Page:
Fort Liard hamlet and First Nation at odds over COVID-19 communication
Acho Dene Koe and hamlet say other side isn't communicating pandemic response plans
The mayor in Fort Liard, N.W.T., and the band manager of the community's First Nation both say that the other side is failing to communicate in the middle of a pandemic.
"There's really no communication ... which is really frustrating because in an emergency response plan, the leadership need to be communicating," said Mayor Hillary Deneron, adding that the hamlet has reached out to the First Nation and not received a response.
Deneron said the hamlet has made an emergency response plan that includes input from the nursing station, RCMP, and fire chief.
"We have a plan, but I don't think [the First Nation is] aware that they're part of the plan," she said.
Acho Dene Koe First Nation band manager Boyd Clark, however, told CBC that since the first day the pandemic was announced, the First Nation has asked for the hamlet's plan, and still has not received it.
Clark added that the First Nation provides public updates almost daily online, and that they "have yet to get anything from the hamlet."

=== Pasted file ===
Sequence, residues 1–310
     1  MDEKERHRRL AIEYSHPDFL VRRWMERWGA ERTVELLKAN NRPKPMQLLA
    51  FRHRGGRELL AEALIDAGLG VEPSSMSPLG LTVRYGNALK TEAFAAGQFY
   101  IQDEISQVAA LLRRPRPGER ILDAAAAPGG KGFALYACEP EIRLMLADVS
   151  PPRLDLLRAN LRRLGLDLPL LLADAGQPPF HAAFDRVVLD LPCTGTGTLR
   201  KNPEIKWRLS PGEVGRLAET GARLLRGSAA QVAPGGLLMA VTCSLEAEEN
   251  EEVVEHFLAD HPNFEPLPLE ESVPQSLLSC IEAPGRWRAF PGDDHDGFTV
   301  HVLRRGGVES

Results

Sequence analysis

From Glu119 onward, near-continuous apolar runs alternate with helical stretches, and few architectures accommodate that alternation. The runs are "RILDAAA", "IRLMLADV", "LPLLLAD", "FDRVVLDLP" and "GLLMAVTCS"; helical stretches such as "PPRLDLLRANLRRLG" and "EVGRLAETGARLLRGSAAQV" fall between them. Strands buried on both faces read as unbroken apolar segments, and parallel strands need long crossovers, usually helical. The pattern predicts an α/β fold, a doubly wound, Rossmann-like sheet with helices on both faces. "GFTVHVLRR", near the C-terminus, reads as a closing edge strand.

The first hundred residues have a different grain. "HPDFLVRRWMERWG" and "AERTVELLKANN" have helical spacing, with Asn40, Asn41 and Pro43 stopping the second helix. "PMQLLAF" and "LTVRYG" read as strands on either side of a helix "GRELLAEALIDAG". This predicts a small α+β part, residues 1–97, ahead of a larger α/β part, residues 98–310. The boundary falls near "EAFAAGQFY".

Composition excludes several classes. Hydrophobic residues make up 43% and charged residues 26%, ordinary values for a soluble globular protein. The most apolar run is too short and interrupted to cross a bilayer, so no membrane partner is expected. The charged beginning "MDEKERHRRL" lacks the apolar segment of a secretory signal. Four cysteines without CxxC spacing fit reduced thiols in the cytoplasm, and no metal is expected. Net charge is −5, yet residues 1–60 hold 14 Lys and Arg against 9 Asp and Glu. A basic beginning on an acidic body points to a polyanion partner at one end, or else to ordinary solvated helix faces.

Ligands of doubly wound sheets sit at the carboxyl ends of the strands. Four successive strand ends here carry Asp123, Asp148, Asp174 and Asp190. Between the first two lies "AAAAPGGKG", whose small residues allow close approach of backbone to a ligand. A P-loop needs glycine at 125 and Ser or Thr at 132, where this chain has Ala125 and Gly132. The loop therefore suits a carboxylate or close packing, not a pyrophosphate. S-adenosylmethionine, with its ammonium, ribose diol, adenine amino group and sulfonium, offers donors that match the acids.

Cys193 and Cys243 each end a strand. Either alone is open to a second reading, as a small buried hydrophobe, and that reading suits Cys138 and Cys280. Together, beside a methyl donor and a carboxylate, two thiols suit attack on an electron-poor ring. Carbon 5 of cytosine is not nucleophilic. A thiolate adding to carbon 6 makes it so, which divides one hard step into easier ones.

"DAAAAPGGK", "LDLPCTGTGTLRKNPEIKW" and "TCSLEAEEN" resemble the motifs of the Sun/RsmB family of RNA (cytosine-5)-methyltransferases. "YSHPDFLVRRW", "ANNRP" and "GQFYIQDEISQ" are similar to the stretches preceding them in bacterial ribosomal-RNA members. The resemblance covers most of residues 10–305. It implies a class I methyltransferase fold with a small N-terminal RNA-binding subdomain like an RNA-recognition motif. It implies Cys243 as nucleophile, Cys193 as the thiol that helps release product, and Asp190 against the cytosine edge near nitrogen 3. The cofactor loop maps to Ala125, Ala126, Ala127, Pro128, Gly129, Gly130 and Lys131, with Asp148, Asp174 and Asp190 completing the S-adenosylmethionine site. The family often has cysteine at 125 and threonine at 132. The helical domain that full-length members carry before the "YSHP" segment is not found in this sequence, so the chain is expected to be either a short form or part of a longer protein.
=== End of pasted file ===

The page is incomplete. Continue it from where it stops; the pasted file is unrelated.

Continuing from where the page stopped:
In the 500-person community, which has one health centre staffed only with nurses, the stakes will be high to successfully fight the COVID-19 pandemic.
Clark also noted that Acho Dene Koe recently budgeted $20,000 to help the hamlet with emergency preparedness.
In an information release Tuesday, Acho Dene Koe announced that funding, as part of a $528,140 budget to help its members get through the pandemic. An additional $100,000 was soon added to the pandemic budget thanks to additional funding from corporate relationships, Clark explained on Thursday.
The release says the First Nation is putting $340,000 to use on initial support.
Along with the money for the hamlet, that support includes on-the-land funding, food and cleaning supplies for First Nation members, and funding for distance learning so students out of school can learn online.
Clark said the First Nation anticipates some funding will come through from the federal and territorial governments, but is fronting the money so that it doesn't have to wait to get started.
Meanwhile, the hamlet's mayor says her administration is focusing on paring things down to avoid burnout. It's only providing essential services to the community, including water, sewer, garbage pickup, and road maintenance.
"We always have like a plan B to fall back on, in case one of our workers catch a common cold or are just tired," said Deneron. "We are always on the lookout."